Yesterday the hardworking staff sent this email to Barbara Blaine, president of the Survivors Network of those Abused by Priests, or SNAP:
Dear Ms. Blaine:
My name is John Carroll. I’m a media analyst for WBUR-FM in Boston and I produce the Campaign Outsider blog.
Last week I wrote about SNAP’s full-page ad in the New York Times:
Now that almost a week has gone by, I was hoping you might answer a few questions for me.
€ Have you run ads in the Times before?
€ How much did the ad cost?
€ How much has it generated in donations so far?
€ Did you received much other response/publicity from it?
I appreciate your taking the time to answer these questions, and best of luck in the future.
Ms. Blaine was kind enough to send this response:
Thanks for your interest in our ad!
We ran the ad at the suggestion of a new (anonymous) donor who felt strongly about what we try to do and offered to provide and pay for the ad. It was, of course, expensive; it’s the New York Times, after all. But it was a gift.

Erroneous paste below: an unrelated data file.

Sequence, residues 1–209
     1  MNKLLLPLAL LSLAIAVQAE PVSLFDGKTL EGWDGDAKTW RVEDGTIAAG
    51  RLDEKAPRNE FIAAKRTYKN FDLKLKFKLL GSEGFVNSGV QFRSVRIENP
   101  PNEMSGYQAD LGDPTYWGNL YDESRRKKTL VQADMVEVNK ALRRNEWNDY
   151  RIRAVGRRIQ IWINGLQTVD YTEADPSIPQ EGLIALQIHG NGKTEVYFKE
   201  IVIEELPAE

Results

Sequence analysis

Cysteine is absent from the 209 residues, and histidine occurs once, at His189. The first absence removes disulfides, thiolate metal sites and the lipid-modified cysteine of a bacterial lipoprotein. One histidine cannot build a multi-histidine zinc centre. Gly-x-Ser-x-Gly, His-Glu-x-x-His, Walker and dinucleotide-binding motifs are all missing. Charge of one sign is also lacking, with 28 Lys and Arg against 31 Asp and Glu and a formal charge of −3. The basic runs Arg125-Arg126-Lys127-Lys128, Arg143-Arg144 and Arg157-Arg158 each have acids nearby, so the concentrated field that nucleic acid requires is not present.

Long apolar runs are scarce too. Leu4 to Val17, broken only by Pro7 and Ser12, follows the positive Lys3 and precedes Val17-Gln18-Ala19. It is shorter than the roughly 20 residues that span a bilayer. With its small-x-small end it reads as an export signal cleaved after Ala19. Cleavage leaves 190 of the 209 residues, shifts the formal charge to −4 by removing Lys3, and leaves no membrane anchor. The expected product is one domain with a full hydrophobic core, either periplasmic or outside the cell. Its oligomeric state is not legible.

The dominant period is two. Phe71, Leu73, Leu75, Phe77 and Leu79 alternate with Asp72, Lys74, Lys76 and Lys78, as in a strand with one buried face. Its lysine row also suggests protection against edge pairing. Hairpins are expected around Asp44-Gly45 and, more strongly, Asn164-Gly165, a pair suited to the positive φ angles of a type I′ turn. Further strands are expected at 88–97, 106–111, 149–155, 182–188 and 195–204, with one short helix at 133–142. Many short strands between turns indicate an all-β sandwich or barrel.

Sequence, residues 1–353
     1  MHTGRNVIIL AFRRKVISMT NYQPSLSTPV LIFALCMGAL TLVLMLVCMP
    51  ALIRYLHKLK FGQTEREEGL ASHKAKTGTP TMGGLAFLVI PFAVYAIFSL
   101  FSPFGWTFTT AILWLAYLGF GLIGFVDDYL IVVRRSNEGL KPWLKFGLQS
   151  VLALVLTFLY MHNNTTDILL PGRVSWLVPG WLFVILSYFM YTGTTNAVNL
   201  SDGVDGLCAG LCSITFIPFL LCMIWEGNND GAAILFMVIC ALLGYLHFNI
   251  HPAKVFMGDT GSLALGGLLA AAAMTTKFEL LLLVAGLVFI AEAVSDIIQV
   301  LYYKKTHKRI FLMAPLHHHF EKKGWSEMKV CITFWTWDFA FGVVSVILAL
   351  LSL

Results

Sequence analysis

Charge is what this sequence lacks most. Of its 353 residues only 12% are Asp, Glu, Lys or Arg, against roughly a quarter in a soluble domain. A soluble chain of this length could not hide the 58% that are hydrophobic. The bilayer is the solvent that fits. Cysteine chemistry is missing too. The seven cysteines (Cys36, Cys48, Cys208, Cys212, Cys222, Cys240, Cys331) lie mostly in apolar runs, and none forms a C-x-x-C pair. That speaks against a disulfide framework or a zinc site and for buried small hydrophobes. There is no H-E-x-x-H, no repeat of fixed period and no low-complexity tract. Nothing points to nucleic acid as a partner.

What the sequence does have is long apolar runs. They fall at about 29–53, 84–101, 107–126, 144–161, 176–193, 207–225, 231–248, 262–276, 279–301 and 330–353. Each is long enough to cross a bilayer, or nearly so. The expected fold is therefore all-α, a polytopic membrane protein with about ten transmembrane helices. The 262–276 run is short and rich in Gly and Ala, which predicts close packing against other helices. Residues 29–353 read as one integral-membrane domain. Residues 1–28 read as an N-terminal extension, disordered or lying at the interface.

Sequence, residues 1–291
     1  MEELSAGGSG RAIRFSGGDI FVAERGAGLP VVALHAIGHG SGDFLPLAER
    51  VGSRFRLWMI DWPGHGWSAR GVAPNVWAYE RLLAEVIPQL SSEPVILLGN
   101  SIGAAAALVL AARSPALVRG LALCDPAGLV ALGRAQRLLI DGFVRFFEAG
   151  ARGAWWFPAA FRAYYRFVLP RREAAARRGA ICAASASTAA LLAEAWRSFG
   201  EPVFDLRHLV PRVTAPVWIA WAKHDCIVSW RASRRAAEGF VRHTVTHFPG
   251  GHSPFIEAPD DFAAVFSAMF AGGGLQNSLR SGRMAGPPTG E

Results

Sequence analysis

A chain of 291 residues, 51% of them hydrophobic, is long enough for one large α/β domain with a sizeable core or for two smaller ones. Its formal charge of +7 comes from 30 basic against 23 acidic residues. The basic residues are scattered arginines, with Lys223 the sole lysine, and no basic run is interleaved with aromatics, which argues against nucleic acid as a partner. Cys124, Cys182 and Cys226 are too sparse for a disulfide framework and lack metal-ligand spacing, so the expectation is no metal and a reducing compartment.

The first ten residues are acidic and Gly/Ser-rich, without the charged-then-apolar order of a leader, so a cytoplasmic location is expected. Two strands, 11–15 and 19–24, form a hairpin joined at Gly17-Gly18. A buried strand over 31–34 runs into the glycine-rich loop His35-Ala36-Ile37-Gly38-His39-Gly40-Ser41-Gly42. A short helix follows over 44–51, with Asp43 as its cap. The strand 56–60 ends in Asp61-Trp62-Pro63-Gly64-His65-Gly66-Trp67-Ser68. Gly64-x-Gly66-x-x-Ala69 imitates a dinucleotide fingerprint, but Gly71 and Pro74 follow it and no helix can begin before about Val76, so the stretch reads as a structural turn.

It’s been a real shot in the arm to our often discouraged and still suffering leaders and members, b/c it’s the first time in our 24 year history we’ve been given the chance to lay out, in a major media outlet, our view of this ongoing and devastating crisis. Usually, victims’ perspective is relegated to one or two sentences at the end of a news story about some promise or excuse by some bishop in some clergy sex case.
But through this ad, for the first time ever, we’ve been able to clearly stress that most complicit bishops are still in office and some predator priests are still in pulpits. On July 27-29 more than 200 SNAP members – survivors of priest abuse and their friends and family – will gather in Chicago to work on next steps to try to make kids safer and help heal victims, in the church and other institutions.
All the best,
Okay. So that enlightened us . . . not at all.
But it’s nice not to be ignored.